Dose Reduction and Compliance with Pediatric CT Protocols Adapted to Patient Size, Clinical Indication, and Number of Prior Studies

Purpose: To assess compliance and resultant radiation dose reduction with new pediatric chest and abdominal computed tomographic (CT) protocols based on patient weight, clinical indication, number of prior CT studies, and automatic exposure control.

Materials and Methods: The study was institutional review board approved and HIPAA compliant. Informed consent was waived. The new pediatric CT protocols, which were organized into six color zones based on clinical indications and number of prior CT examinations in a given patient, were retrospectively assessed. Scanning parameters were adjusted on the basis of patient weight. For gradual dose reduction, pediatric CT (n = 692) examinations were performed in three phases of incremental stepwise dose reduction during a 17-month period. There were 245 male patients and 193 female patients (mean age, 12.6 years). Two radiologists independently reviewed CT images for image quality. Data were analyzed by using multivariate analysis of variance.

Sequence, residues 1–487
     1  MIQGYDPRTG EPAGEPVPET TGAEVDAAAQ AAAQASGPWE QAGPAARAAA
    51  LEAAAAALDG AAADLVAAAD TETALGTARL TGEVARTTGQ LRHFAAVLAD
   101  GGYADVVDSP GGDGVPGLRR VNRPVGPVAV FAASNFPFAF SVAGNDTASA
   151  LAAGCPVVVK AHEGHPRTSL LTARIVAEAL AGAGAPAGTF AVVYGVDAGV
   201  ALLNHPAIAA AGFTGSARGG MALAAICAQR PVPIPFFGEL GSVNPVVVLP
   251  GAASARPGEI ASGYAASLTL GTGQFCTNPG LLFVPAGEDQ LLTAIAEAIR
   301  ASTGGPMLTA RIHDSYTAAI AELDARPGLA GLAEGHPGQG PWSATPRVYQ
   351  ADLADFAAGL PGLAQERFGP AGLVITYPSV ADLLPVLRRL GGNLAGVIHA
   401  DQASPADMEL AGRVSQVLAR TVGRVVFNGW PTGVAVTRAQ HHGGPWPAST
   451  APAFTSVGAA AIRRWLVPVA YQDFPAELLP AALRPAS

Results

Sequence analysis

Results: Compliance with the new protocols in the early stage of implementation (chest CT, 58.9%; abdominal CT, 65.2%) was lower than in the later stage (chest CT, 88%; abdominal CT, 82%) (P < .001). For chest CT, there was 52.6% (9.1 vs 19.2 mGy) to 85.4% (2.8 vs 19.2 mGy) dose reduction in the early stage of implementation and 73.5% (4.9 vs 18.5 mGy) to 83.2% (3.1 vs 18.5 mGy) dose reduction in the later stages compared with dose at noncompliant examinations (P < .001); there was no loss of clinically relevant image quality. For abdominal CT, there was 34.3% (9.0 vs 13.7 mGy) to 80.2% (2.7 vs 13.7 mGy) dose reduction in the early stage of implementation and 62.4% (6.5 vs 17.3) to 83.8% (2.8 vs 17.3 mGy) dose reduction in the later stage (P < .001).

Conclusion: Substantial dose reduction and high compliance can be obtained with pediatric CT protocols tailored to clinical indications, patient weight, and number of prior studies.

Supplemental material:

© RSNA, 2009


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Article History

Published in print: 2009